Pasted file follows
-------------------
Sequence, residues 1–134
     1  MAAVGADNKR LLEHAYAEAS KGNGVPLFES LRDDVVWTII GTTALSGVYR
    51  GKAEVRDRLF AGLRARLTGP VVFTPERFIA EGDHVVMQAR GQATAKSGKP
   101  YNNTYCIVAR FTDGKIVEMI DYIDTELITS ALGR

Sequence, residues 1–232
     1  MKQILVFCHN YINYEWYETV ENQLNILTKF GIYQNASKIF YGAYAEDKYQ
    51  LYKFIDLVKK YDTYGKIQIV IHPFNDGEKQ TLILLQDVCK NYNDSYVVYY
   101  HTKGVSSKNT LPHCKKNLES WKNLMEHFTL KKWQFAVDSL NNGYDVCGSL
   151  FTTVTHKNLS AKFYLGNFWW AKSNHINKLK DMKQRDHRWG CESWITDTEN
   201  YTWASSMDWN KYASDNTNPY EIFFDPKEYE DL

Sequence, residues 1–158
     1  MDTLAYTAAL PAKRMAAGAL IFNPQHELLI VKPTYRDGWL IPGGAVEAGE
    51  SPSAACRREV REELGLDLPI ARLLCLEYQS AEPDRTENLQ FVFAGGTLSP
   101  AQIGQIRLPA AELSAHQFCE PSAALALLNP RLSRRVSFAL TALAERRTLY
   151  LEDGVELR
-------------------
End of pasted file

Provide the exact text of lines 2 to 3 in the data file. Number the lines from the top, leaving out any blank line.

     1  MAAVGADNKR LLEHAYAEAS KGNGVPLFES LRDDVVWTII GTTALSGVYR
    51  GKAEVRDRLF AGLRARLTGP VVFTPERFIA EGDHVVMQAR GQATAKSGKP